March 15, 2020
Remember the man who told Jesus he had kept all of the commandments since his youth? How many people do you know who can say that? What I’ve heard is, the easiest, safest way to keep all three of the “thou shalt nots” in today’s reading from Exodus is to stay asleep. Play ‘possum!
Before anything else, let’s acknowledge and address the big problem today’s lessons expose about the Bible. These three commandments set up a “no trespassing” boundary against our ability to take, whether by force or by cunning, what is necessary for the life of another person. These words protect the weak against the strong by prohibiting murder, stealing, and adultery.
But a certain color of fabric in the patchwork quilt called the Holy Bible contradicts these words by sanctioning and even inciting violence. For instance, in I Samuel 15, the prophet Samuel orders the brand-new, first-ever king, Saul, to slay the Amalekites—men, women, children, infants, cattle, sheep, camels, and donkeys. Fanatical genocide!
Again, in Ezekiel 9, the prophet envisions God sending executioners through the streets to kill anyone who is not anguished with remorse over the sins of the city!
I don’t want to spend the time it would take to refer to similar passages where cruel violence is attributed to the will of God. We simply cannot deny the existence of such threads in the fabric of our scriptures. Neither can we deny that such stories have been used to justify the Inquisition, the Crusades, the witch burnings, the persecution of Jews, religious wars, child abuse, and the brutal treatment of those suffering from mental illness. No wonder the American patriot Thomas Paine exclaimed, “The belief in a cruel god makes a cruel man!”
Well, you say, those passages are in the First Testament—the Old Testament—and we’re a New Testament church. Let me remind you, though, that the New Testament was written for readers steeped in Old Testament terms, motifs, and theology. Therefore, we need to be a “Whole Bible” church.
All the same, if I may say so, Wadoo, zim bam boodle-oo, Hoodle ah da wa da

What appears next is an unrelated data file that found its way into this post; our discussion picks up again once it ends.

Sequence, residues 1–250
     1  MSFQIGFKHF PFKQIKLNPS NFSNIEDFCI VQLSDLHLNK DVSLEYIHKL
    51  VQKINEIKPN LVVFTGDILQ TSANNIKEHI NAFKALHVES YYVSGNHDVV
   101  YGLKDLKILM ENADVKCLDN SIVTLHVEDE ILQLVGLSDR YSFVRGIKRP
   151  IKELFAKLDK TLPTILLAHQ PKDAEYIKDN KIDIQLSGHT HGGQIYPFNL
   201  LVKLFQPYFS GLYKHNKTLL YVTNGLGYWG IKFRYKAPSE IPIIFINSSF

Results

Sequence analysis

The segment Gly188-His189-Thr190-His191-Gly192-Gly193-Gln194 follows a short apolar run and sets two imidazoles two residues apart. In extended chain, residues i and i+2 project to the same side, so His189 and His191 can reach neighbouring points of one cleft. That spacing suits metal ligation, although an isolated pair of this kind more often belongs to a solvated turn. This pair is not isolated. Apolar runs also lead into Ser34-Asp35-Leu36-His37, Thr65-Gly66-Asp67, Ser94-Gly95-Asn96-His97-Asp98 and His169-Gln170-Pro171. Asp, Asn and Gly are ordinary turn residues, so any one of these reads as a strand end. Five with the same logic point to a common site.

Scatty wah ! Oh yeah ! It ain’t necessarily so; it ain’t necessarily so!”
To my friends who would throw out the entire library called the Bible on account of this certain color of fabric in its patchwork quilt, I say, “Hold on!” We’ve all heard—haven’t we?—people who react when a tornado or hurricane causes death and destruction by saying it was God punishing people; but you don’t believe statements like that, do you? So, filter those passages which contradict the indispensable words of the Ten Commandments. Strain them through the sieve of neighbor love, which is their fundamental purpose.
Push notifications from the TV news pop up on my office computer. In October, CBS said, “Greensboro and High Point are two of the deadliest cities in America. Greensboro ranked at number 39 with a murder rate of 12.6 per 100,000.” Right behind Nashville; one place ahead Albuquerque, my hometown, home of my brother and sister. “High Point ranked at number 25 with a murder rate of 16.09 per 100,000.” What a shame! Sure, no one here is a perpetrator of such violence, but some of you have been traumatized by it.
Some people argue that capital punishment is a way members of a society find it easy to kill someone—that is, by having the executioner do the job. When we see pictures of mobs gathered around a lynching tree, we feel disgusted. But capital punishment, also known as the death penalty, is a legal, government-sanctioned practice where a person is killed as punishment for a crime. Twenty-two states have outlawed capital punishment. Since North Carolina’s current law went into effect in 1977, forty-three individuals have been executed in this state.